The presidential accent to the Mental Health Law by President Muhammadu Buhari on Friday has continued to generate positive responses from Nigerians.
In Osun, a physician, Dr Olakunle Omoteemi in a chat with VELOXNEWS noted that the law was long overdue as it would afford individuals involved in that area the power to work unhindered.
He also said it would enlighten Nigerians on the dangers associated with lifestyles that may cause a breakdown in one’s mental health.
In his words, “Due to the negative perception attached to mental health issues in Nigeria, the society still sees any case related to it as that of lunacy.
“Because of this negative perception, individuals shy away from making known, discussing or approaching professionals to discuss or reveal their mental health status.
“People also often cannot go for counselling based on the prejudice from the society. There is also the issue of stigma attached to it as people are afraid to be called certain names.
“With this law, it is hoped that the prejudices and stigma attached to mental health issues will be laid to rest.”
The physician called states, especially Osun to domesticate the bill to being succour to many who are suffering from issues that have to do with their mental health.
He also called on individuals to check and declare their mental health as this will go a long way in forming relationships.
“Many of the so-called lunatics we encounter daily are not victims of spiritual attacks so to say. They are in that position as a result of lifestyle.
“Some are there because they abused substances in the past. Some are there as a result of relationship issues and so on. The ignorance on the part of the people is what we see on the streets daily.
“Instead of going for counselling and treatment, so many resorts to prayer houses and different types of treatment including flogging is meted out to these victims. Some are then released into society with the belief that such will make them heal fast.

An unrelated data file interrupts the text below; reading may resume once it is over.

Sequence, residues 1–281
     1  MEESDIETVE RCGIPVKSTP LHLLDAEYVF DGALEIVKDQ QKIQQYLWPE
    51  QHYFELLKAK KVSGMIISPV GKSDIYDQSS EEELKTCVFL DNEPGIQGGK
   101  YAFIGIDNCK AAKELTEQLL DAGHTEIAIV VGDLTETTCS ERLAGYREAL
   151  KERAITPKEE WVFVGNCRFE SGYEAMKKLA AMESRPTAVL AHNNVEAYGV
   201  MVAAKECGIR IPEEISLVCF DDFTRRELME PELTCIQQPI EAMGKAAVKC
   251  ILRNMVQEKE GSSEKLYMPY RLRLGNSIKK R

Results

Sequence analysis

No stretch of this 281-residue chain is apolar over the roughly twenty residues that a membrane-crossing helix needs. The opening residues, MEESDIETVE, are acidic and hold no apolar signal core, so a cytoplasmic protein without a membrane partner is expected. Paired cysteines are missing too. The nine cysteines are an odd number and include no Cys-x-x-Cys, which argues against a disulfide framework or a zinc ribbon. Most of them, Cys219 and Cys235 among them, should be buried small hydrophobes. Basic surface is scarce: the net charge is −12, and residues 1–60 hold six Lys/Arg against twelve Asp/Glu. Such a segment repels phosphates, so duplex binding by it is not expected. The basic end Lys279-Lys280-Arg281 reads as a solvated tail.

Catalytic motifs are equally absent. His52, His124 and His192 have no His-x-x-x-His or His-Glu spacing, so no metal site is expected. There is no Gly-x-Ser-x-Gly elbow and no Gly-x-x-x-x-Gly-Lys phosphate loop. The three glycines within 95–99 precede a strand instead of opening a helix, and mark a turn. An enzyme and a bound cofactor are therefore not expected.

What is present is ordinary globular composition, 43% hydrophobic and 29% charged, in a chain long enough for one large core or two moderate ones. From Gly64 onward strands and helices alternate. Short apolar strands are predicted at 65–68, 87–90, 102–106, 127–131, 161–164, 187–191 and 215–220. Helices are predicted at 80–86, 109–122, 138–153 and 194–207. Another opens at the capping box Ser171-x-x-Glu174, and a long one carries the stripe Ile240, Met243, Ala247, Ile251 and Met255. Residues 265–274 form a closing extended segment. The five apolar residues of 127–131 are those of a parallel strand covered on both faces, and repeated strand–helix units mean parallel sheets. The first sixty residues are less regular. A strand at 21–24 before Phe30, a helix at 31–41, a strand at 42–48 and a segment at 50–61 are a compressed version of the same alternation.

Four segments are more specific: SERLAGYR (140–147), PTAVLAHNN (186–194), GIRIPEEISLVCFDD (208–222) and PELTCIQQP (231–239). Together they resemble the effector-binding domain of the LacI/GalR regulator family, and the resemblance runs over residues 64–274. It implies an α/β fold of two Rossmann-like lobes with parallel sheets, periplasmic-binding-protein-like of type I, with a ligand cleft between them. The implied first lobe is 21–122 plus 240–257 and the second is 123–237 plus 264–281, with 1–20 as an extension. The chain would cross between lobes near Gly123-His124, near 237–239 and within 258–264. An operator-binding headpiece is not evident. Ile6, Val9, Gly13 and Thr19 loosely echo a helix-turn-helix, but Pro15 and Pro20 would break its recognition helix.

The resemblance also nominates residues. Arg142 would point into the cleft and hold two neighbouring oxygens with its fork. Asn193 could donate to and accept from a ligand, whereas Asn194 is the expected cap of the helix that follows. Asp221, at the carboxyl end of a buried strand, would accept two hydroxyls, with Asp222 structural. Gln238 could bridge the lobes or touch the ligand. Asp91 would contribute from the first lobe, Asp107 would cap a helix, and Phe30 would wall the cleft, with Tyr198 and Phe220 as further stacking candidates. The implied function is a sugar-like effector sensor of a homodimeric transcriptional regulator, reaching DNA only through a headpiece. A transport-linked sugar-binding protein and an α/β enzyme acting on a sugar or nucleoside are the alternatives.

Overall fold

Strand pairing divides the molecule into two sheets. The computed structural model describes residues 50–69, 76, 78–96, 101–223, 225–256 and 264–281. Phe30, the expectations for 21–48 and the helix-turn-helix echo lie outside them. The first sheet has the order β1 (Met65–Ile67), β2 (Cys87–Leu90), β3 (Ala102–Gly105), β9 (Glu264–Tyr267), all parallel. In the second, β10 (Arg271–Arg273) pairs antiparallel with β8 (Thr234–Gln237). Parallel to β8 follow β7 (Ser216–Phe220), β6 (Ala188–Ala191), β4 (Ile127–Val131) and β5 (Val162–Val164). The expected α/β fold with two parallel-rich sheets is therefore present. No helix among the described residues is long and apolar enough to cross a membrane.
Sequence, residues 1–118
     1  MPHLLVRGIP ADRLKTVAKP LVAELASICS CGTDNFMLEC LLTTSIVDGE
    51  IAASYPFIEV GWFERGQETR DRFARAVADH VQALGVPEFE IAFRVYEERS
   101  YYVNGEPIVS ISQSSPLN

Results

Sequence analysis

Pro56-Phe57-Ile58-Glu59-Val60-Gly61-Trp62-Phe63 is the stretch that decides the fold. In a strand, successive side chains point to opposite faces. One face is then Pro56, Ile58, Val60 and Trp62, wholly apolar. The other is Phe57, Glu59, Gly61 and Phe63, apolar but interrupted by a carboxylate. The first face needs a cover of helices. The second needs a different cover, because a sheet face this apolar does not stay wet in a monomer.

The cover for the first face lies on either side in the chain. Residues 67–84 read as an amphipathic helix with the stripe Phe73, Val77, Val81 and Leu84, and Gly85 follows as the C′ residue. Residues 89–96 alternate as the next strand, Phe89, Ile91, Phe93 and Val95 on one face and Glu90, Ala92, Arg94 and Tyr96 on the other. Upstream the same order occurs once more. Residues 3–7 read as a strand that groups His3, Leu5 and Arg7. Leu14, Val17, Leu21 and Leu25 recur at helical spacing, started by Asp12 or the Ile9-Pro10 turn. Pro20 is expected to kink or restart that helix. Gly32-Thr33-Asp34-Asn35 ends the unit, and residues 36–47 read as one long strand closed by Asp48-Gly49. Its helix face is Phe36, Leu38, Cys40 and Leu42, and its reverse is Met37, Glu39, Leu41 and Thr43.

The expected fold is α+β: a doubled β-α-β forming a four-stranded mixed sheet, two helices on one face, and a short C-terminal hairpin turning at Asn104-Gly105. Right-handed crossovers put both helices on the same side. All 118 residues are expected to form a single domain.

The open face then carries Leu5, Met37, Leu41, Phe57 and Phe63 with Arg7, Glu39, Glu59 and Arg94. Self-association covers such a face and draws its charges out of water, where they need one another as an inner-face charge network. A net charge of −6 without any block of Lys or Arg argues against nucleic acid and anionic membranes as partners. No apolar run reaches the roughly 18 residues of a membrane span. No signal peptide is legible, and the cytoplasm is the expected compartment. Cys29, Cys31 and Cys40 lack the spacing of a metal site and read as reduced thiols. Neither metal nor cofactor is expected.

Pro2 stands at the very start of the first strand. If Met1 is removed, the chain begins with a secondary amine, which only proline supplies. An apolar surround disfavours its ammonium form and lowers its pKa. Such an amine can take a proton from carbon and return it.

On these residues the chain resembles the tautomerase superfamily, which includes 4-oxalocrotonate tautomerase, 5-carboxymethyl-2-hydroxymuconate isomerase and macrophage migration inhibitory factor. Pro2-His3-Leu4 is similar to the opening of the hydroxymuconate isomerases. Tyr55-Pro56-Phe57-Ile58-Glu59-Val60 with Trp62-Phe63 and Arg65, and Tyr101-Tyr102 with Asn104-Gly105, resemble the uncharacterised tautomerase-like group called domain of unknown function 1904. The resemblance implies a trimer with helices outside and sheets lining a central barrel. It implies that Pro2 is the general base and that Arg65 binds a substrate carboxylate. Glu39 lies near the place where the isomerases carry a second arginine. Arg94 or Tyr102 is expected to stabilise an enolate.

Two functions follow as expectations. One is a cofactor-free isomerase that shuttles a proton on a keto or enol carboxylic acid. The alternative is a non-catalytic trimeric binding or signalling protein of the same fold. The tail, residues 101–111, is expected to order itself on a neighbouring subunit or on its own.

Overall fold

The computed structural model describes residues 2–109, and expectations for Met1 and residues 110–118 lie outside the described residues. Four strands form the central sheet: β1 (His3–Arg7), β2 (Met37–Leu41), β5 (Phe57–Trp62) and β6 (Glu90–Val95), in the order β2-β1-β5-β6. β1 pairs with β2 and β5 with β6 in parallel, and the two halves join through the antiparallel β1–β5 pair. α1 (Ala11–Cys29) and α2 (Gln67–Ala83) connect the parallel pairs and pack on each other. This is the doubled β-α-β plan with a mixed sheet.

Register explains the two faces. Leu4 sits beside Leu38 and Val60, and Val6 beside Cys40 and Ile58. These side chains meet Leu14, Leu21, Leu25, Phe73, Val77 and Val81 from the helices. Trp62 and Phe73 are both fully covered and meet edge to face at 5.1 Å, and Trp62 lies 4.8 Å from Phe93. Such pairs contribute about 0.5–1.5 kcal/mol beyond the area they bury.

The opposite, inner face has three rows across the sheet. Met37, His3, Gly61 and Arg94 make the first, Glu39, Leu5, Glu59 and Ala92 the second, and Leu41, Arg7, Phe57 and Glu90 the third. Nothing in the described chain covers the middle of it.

“With this law, such victims of mental health breakdown would be confined to mental institutions and families with such will be compelled to release their people with mental health challenges for proper treatment and counselling.”
Hauwa Ojeifo, a human rights gender and disabilities activist disclosed that Nigeria’s last semblance of mental health legislation was the Lunacy Act of 1958, which is why activists like her have been advocating for human rights, respecting mental health laws and practices that protect the dignity and liberty of persons with psychosocial disabilities.
Meanwhile, Dr Ibrahim Oloriegbe, Senator representing Kwara Central in the Senate and originator of the Mental Health Bill on his Twitter handle said the bill was meant for the establishment and regulation of mental health and substance abuse services, protect persons with mental health needs.
He also revealed that the bill was necessitated by the enduring quest to make provisions for the enhancement and regulation of mental health and substance abuse services.
In his words, “The President of the Federal Republic of Nigeria, @MBuhari, has signed into law, a bill for an Act to provide for the establishment and regulation of mental health and substance abuse services, protect persons with mental health needs and establishment of National Commission for Mental and Substance Abuse Services, for the effective management of mental health in Nigeria, and other related matters.
”The bill which I sponsored, was necessitated by the enduring quest to make provision for the enhancement and regulation of mental health and substance abuse services and to cast aside the challenges that perpetuate the social stigma of the victims of mental illness.
” I explained that the proposal was intended to protect persons with mental health needs, and establish National Agency for Mental and Substance Abuse Services for effective management of mental health in Nigeria and other related matters, I further raised the absence of Mental Health Law in Nigeria other than the Regional Lunacy Law of 1918, which in context and content violated fundamental human rights of persons with mental health and psychosocial disabilities.”
News Source: Source link